Debate over Great Lakes fish farms heats up as state considers first permits

Nov 3, 2015

Proponents say expanding the aquaculture industry could be an economic boon for the state, but some environmentalists worry that it could have an impact on water quality and wild fish populations. We talk with Dan Vogler of Harietta Hills Trout Farm and Bryan Burroughs of Michigan Trout Unlimited.

Should Michigan allow commercial fish farms in the Great Lakes? That’s a question state officials are grappling with right now. Proponents say Michigan, with its rich water resources, could be a leader in responsible net-pen aquaculture. But opponents say the possible economic gain isn’t worth the environmental risks.

Some state lawmakers, including Republican Sen. Rick Jones from Grand Ledge, are hoping to ban commercial fish farms from operating in the Great Lakes or any of their connecting waterways.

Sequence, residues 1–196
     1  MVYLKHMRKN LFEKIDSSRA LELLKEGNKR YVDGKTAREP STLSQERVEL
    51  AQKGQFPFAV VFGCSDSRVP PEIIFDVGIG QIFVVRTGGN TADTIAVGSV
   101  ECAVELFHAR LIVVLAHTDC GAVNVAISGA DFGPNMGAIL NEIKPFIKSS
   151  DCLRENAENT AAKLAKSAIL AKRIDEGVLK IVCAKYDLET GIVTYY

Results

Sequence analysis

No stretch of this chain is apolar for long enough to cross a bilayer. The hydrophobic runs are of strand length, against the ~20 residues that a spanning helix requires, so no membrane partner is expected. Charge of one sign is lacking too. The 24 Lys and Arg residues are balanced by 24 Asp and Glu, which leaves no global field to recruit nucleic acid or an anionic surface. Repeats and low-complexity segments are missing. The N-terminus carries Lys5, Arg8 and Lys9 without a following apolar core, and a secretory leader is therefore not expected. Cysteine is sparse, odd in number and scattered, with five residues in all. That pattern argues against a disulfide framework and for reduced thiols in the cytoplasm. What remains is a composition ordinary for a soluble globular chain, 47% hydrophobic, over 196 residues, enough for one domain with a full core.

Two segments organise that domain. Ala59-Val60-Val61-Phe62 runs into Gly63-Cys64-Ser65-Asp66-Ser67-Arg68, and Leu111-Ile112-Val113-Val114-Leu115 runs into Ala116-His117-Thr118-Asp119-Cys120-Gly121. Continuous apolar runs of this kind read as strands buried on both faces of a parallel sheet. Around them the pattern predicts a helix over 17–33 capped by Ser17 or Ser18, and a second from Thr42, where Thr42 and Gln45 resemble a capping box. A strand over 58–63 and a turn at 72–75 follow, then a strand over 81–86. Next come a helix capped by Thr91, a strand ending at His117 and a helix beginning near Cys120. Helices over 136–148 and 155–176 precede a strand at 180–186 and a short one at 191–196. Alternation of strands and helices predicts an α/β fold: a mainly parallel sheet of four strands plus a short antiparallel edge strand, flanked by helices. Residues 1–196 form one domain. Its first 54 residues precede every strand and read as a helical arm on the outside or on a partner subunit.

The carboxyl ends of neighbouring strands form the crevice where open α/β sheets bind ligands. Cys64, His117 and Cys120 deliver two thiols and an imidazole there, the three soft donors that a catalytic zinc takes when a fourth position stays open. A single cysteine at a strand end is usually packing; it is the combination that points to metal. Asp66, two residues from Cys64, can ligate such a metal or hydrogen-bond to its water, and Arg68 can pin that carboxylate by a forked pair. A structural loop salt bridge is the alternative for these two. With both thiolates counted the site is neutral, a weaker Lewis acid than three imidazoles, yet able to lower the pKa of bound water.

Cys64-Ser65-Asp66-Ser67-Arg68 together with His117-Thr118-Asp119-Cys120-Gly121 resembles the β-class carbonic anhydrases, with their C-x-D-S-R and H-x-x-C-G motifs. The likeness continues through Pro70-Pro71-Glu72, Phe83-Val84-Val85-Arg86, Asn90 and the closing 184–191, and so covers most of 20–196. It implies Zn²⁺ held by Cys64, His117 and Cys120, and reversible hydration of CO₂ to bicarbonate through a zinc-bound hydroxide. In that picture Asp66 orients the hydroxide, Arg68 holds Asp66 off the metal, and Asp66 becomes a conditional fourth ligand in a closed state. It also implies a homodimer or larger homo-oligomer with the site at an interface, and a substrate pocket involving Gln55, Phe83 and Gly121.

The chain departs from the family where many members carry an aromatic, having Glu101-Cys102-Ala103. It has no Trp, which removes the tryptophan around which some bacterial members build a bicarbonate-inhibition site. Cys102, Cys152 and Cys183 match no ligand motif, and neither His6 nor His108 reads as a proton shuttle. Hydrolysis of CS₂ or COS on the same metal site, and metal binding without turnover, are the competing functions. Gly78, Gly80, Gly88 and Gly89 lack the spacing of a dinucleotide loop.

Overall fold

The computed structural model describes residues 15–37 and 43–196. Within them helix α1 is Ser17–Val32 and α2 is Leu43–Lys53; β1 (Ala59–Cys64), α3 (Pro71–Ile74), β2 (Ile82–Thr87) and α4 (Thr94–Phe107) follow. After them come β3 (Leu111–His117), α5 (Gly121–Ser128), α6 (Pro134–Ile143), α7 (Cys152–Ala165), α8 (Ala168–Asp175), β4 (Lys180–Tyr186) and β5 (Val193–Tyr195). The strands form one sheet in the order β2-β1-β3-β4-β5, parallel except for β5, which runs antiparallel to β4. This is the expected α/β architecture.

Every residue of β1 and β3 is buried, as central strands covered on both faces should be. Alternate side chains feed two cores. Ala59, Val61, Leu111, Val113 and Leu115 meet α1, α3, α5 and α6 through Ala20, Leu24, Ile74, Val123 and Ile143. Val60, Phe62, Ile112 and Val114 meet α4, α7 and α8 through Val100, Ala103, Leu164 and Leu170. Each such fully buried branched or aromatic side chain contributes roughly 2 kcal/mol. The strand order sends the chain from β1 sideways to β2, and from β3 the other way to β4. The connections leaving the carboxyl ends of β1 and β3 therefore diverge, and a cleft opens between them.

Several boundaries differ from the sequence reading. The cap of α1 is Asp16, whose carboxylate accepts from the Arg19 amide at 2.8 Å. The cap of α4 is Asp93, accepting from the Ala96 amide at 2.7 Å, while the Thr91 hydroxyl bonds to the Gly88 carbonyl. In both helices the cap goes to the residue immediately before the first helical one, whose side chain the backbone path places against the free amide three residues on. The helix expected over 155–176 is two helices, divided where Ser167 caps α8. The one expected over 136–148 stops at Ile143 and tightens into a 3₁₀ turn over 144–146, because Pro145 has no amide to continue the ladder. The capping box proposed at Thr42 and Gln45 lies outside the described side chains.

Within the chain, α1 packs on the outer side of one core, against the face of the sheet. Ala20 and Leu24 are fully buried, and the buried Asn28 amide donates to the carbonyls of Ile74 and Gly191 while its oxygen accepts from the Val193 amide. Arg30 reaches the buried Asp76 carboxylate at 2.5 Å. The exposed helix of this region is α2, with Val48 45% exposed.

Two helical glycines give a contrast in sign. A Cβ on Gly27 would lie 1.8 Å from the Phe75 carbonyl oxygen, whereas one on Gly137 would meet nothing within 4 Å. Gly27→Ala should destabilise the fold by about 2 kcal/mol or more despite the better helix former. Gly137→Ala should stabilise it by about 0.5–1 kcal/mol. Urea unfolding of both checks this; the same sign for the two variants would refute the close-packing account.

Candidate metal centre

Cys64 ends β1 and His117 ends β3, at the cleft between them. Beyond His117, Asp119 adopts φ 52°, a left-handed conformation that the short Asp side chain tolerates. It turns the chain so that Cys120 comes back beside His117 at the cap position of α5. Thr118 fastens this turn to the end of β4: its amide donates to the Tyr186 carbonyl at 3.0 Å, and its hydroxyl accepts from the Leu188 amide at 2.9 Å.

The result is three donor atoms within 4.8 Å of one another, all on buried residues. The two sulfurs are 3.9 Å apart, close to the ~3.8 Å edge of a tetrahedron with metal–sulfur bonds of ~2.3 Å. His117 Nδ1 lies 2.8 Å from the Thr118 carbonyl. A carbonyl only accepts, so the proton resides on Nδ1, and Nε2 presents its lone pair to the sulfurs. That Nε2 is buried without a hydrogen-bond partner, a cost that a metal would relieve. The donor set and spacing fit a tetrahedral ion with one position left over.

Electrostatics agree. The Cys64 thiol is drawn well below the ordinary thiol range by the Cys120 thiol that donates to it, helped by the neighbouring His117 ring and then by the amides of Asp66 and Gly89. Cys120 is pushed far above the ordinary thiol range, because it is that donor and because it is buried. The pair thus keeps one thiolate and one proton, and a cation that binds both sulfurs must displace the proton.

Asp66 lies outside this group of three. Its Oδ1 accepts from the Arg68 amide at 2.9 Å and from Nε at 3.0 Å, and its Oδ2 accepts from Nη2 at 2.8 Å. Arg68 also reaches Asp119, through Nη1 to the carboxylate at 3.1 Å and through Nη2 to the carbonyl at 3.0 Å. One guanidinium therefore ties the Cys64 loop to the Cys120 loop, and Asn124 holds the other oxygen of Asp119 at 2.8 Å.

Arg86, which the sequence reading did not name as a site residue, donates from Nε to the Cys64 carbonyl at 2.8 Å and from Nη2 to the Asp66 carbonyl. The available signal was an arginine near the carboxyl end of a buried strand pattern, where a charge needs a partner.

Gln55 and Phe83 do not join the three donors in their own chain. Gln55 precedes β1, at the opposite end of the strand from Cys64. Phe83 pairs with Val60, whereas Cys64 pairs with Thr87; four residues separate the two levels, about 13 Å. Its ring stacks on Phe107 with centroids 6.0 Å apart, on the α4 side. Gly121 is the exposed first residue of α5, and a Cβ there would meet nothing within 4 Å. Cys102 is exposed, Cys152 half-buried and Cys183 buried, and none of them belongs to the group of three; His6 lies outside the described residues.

Current State speaks with Dan Vogler, owner of Harietta Hills Trout Farm, which operates on the AuSable River. He says that net-pen operations can be a safe and sustainable form of aquaculture. We also talk with Bryan Burroughs, executive director of Michigan Trout Unlimited, which supports a ban on Great Lakes fish farms.

This segment is supported by Michigan State University's Knight Center for Environmental Journalism. More news about the Great Lakes environment can be found at and on Current State every Tuesday as part of our partnership.